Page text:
Browns have done plenty of drafting in recent years. Now they've been drafted.
The NFL has put Berea in the spotlight for the HBO series Hard Knocks. The reality show focuses on one team's storylines during training camp.
Coaches don't generally welcome the potential distraction from preparing for the coming season. So when no franchise volunteers to appear, the league selects a team who hasn't appeared in the past decade, didn't make the playoffs either of the past two years, and doesn't have a new head coach.
So the Browns, coming off only the second 0-16 season in league history, and with two of the top four overall draft picks newly in the fold, were the choice over the Bears, Buccaneers, Colts, Eagles, Ravens, Saints, and Titans.
Is there a clear effect on wins and losses for teams that appear on Hard Knocks? This chart details the change in record of the featured teams from…
Last year I noted a strange coincidence with a trio of Browns quarterbacks who all
were drafted in the third round
had first names beginning with the third letter of the alphabet
wore uniform numbers that were factors of three.
Charlie Frye, Colt McCoy, and Cody Kessler can now be neatly packaged into a triangular box and stashed deep into a low shelf in Browns history.
All three played about half the time as rookies but were eventually traded away for low draft consideration before the end of their first contracts. In Kessler's case, if he's on the Jaguars' game-day roster for at least six games, the Browns will net an extra seventh-rounder next spring.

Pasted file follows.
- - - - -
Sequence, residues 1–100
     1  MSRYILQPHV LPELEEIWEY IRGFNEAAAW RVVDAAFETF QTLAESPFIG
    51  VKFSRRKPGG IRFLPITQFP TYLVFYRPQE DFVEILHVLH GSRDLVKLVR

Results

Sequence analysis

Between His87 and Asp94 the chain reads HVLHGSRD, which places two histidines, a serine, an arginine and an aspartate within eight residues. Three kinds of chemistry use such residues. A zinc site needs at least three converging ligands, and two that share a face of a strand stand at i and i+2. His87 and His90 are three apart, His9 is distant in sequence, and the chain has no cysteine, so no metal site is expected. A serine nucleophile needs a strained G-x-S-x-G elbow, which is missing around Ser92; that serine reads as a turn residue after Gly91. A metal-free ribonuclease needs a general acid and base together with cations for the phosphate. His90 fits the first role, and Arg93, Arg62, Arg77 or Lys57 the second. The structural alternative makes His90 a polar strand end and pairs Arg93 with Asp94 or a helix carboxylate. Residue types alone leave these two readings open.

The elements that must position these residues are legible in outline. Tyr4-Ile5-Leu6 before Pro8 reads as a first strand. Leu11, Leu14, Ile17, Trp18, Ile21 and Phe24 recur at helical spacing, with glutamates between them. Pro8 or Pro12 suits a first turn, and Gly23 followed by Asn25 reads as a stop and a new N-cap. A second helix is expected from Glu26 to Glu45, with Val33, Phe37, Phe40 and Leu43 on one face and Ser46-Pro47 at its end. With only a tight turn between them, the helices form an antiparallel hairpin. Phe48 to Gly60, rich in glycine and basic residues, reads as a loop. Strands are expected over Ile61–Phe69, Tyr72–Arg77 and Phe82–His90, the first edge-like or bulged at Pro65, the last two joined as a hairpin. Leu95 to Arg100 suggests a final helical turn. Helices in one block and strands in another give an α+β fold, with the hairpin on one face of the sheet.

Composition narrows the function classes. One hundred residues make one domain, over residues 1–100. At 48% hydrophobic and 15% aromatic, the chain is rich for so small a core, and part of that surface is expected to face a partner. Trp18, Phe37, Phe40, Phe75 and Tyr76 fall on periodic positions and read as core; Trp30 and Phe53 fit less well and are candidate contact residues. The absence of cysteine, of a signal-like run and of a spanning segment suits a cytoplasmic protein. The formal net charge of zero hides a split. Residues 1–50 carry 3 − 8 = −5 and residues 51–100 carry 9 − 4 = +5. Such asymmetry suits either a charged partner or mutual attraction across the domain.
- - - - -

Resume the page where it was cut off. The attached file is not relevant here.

I confess that before the rookie wage scale took effect with the 2011 CBA, I liked the idea of trying to find a diamond in the rough at the game's premier position. Back then, high first-round draftees commanded…
Let's assume that the Haslams don't fire Hue Jackson, the coaching staff, and the front office during or after the upcoming season. It goes against type, I know, but bear with me here.
Let's assume we won't have yet another new crew of decision-makers coming in to clear out the roster to make room for their supposed mold of players. That is, the Danny Shelton trade -- offloading a first-round nose tackle ill-suited to the current defensive scheme for nominal consideration -- is the last of its type for a good long while.
Let's take the moves we've seen from John Dorsey as evidence that he intends to set the Browns up to both leap forward drastically in 2018 and prepare a core nucleus for sustained success in the coming years. In light of the latter, the ouster of last year's best cornerback, 30-year-old Jason McCourty, makes somewhat more sense.
Note that all…
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